The DRE matrix can be used as a powerful visual aid at trial. I have had DREs put a red X over each box that was not present and used that to push back on the “totality of the circumstances” claim by the DRE. By giving the jury the visual, it will show a lack of impairment in many cases.

Treatises and Studies-IACP Standards for DRE Certification

I typically use this information via an expert. For example, when a client facing a cannabis DUII is stopped for speeding, I have an expert testify about the research demonstrating that someone under the influence of cannabis is more likely to be driving slow than speeding therefore the speeding is inconsistent with the DREs opinion. With respect to IACP standards, I have had experts testify about the low scores needed to pass the DRE school and certifications.

Lab Reports

This section is largely driven by the state where you practice. For example, Oregon is a urine state and that urine is generally tested as the state police crime lab. The lab report the State gives you is not the end of the story. You can request lab notes which will come in chart form that tells what drugs were found in the specimen but were not confirmed. This can be important because a client taking multiple medications may be taking a non-controlled substance (in addition to a controlled substance) that could explain the symptoms and that can create reasonable doubt when the State cannot prove which substance is causing the impairment.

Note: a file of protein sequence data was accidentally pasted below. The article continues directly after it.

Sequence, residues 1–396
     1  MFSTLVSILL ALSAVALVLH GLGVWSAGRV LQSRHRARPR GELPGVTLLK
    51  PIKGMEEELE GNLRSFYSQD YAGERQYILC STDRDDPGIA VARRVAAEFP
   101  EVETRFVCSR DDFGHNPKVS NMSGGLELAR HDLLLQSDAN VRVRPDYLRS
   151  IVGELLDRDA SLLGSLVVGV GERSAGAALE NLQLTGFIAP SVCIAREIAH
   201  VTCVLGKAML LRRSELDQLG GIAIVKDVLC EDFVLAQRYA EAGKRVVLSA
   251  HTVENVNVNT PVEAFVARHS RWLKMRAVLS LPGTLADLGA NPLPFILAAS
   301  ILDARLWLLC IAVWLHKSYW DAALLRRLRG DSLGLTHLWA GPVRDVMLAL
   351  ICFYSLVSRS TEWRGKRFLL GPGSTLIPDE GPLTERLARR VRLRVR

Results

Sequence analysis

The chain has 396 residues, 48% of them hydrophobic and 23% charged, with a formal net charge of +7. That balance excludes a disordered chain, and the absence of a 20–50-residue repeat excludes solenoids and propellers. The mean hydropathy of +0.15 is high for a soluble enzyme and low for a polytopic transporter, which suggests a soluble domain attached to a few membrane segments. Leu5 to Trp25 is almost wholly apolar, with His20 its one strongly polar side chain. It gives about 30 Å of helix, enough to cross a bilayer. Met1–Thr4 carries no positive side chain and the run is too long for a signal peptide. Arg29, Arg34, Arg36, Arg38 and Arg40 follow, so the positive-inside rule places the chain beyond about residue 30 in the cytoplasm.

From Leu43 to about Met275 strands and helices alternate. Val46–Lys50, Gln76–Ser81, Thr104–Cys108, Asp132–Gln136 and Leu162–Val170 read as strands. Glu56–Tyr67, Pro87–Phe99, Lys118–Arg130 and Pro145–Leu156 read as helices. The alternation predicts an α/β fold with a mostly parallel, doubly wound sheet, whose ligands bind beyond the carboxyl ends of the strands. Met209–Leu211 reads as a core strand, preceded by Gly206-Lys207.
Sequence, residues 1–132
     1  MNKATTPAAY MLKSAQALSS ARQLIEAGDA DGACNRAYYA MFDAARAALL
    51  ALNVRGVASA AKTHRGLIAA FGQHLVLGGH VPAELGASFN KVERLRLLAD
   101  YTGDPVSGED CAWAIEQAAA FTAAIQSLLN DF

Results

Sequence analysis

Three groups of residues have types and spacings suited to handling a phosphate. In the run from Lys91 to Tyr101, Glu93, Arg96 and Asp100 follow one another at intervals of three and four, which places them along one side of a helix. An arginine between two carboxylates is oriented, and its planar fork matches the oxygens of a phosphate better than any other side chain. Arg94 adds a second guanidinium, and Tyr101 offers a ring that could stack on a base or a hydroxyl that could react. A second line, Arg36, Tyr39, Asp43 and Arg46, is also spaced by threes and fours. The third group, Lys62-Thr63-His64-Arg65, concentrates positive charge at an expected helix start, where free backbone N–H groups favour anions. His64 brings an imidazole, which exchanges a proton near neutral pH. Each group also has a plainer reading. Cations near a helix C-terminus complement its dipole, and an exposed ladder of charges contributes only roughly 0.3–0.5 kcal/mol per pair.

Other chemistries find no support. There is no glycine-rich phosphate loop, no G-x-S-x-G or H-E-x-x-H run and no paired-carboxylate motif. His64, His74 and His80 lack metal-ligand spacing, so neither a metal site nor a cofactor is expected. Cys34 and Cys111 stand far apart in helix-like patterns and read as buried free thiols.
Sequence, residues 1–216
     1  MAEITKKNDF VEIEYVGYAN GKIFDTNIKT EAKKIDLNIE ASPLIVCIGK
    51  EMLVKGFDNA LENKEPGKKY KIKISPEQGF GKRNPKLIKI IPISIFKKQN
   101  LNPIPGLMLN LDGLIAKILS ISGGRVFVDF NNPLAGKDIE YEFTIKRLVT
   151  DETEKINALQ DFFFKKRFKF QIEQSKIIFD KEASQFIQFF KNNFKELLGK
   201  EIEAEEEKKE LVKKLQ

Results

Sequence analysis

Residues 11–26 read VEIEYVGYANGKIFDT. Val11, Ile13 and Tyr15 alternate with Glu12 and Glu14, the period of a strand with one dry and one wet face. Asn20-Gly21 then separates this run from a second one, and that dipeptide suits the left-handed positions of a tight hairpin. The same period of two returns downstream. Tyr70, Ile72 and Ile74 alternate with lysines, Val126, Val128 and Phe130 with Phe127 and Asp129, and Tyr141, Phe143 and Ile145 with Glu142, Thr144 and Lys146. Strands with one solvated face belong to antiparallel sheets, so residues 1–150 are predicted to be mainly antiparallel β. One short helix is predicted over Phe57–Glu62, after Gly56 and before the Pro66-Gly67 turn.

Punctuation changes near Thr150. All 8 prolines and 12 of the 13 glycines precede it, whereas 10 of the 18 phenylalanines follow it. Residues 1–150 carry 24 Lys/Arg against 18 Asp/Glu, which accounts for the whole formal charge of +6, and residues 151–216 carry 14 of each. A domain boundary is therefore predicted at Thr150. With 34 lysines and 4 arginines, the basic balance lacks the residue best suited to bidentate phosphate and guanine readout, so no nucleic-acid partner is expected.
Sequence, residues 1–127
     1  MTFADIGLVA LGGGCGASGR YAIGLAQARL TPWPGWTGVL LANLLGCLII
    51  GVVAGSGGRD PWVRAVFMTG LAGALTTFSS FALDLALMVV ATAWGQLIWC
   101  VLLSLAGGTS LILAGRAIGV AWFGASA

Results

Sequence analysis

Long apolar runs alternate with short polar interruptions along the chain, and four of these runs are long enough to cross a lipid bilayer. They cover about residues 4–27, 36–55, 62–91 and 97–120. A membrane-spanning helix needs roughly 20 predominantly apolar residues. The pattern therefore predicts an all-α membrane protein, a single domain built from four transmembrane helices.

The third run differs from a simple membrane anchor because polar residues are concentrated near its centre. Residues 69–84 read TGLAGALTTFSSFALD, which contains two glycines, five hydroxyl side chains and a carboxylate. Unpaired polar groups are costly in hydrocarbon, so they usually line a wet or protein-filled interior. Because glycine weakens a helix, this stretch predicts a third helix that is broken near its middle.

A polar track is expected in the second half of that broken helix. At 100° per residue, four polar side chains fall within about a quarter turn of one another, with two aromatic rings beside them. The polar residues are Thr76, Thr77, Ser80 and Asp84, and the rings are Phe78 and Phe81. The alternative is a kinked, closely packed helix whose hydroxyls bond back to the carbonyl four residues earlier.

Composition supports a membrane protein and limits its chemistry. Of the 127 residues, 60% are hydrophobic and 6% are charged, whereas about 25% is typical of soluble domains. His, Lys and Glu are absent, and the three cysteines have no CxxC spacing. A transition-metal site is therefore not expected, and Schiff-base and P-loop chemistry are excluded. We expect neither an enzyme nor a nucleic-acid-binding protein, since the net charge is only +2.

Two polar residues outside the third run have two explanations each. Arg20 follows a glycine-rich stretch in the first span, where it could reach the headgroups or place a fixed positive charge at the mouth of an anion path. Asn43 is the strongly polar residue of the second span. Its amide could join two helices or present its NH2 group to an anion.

Get an expert involved to review the lab notes and to assist you with your discovery request. Consider a Motion for Independent Testing when there is reason to question the results.

I wish each and every one of you the best of luck in your trials moving forward. I hope this blog was helpful in that pursuit in some way.